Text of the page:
Why it's essential to view employees as stakeholders

Published on November 25, 2021 by Sarah Iqbal
    Finance · SME
Employee stakeholders

Why it's essential to view employees as stakeholders

Why is it important to view employees as stakeholders? Finance writer Sarah Iqbal explains the importance of employee stakeholders within the business and how to value employees as stakeholders for increased motivation and productivity.

When you start and build a business, one of the critical elements of success will be making sure all stakeholders within your business benefit in some way from your or your business's actions. Any shareholder in your company is a stakeholder, but there are other stakeholders you’ll need to consider who do not hold financial shares in your business.

This can include both your customers and your employees. Customers who rely heavily on the goods and services you supply are also considered stakeholders, and there are several good reasons why your employees should be viewed as stakeholders in your business as well. This article will look at who your business stakeholders are, why your employees are some of your most valuable stakeholders, and how to treat them as such.

Who are your business stakeholders?

Who are your business stakeholders

By definition, a stakeholder is anyone who has a vested interest in your business. They either affect or can be affected by the actions of that business, and can be either internal or external to your business. Typically, the stakeholders of a corporation include:

  • Investors
  • Customers
  • Suppliers
  • Employees

Traditionally, there is a strong focus from financial investors or shareholders on a solid financial performance to see a return on their investments. However, today businesses understand the benefit of focusing more on other key stakeholder groups, such as employees. By treating them as stakeholders, you will improve morale and likely see improvements in performance and productivity.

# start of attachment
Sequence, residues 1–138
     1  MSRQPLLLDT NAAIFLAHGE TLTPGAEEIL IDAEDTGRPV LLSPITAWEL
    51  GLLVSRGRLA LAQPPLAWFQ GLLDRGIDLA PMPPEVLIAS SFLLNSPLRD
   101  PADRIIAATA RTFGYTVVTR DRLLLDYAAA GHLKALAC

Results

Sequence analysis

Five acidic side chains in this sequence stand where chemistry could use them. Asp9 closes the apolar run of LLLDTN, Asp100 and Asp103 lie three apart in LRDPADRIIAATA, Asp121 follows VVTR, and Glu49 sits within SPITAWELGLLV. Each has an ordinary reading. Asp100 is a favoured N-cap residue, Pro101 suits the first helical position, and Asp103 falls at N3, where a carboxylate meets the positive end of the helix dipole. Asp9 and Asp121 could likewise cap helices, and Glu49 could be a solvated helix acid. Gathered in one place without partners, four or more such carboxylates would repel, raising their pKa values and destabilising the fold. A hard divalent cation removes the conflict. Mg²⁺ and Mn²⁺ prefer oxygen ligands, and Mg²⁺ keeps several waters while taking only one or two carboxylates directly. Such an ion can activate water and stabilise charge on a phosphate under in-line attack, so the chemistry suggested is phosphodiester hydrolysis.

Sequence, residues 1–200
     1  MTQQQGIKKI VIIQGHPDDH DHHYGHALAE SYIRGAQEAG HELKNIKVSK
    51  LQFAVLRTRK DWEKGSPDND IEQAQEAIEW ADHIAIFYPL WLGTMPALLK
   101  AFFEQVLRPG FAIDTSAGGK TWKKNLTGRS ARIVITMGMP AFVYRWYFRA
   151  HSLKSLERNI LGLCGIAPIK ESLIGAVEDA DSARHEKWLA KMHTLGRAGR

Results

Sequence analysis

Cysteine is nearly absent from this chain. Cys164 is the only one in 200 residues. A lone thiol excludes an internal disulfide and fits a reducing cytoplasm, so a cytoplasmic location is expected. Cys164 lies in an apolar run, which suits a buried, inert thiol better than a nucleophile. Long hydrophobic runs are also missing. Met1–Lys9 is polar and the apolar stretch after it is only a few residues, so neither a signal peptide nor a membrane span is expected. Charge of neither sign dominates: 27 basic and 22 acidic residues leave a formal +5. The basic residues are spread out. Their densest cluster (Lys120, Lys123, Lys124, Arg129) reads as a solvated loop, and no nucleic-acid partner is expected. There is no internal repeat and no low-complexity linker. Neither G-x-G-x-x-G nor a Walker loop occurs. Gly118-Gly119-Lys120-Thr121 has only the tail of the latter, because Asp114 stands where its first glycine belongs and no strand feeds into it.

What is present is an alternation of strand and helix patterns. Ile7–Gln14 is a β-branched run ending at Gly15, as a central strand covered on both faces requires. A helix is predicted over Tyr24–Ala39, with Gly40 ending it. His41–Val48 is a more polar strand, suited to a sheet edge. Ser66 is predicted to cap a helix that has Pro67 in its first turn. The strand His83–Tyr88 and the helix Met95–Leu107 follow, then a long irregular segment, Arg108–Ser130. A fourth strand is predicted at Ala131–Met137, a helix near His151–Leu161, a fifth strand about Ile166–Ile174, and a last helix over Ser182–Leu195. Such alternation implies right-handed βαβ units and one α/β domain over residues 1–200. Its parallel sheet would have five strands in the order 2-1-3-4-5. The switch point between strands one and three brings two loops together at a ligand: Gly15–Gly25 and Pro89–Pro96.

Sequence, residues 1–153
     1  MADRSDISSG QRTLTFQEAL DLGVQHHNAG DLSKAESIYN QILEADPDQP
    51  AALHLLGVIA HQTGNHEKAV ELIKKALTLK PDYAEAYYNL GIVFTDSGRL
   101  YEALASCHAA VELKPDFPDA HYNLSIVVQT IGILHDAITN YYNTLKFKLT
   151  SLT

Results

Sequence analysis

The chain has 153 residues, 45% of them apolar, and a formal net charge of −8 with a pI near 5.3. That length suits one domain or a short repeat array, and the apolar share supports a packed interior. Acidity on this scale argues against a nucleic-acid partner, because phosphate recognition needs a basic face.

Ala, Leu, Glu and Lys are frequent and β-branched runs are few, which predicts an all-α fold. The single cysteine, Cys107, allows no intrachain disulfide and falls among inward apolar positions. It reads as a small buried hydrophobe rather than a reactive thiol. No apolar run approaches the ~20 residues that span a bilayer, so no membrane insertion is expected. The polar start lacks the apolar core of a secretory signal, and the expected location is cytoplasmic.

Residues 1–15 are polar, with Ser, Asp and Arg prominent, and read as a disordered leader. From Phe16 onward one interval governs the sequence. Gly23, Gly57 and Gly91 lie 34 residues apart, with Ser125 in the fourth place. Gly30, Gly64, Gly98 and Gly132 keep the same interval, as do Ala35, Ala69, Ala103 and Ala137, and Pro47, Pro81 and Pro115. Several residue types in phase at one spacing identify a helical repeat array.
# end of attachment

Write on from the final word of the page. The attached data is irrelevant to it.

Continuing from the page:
Wonderful things can be achieved when your employees feel valued. Viewing employees as internal stakeholders is an excellent way to accomplish this.

Free HR resources sign up banner

Why employees are important stakeholders

Your employees are the ones who create, manufacture, sell and deliver your products. They are crucial to your businesses’ success or failure. They are invested in your company as you pay their wages and offer them job security. Your actions as a business owner have an impact on their economic wellbeing and happiness at work.

Their interest as stakeholders in your business is not only tied to their compensation package and job security; their job satisfaction is also an important factor. Fulfilled and happy workers will perform better and interact with each other and your customers positively because they feel they are valued team members. When businesses operate a top-down hierarchy, they risk slowing down and preventing them from growing to their full potential.

Managers and HR leaders who see their employees as stakeholders and support those who create the most value for your business are more likely to see improved business results and employee relations. Conversely, employees who are not treated as an organisation's greatest asset tend to have lower morale. This can have a negative knock-on effect felt by every other stakeholder in the business, including investors.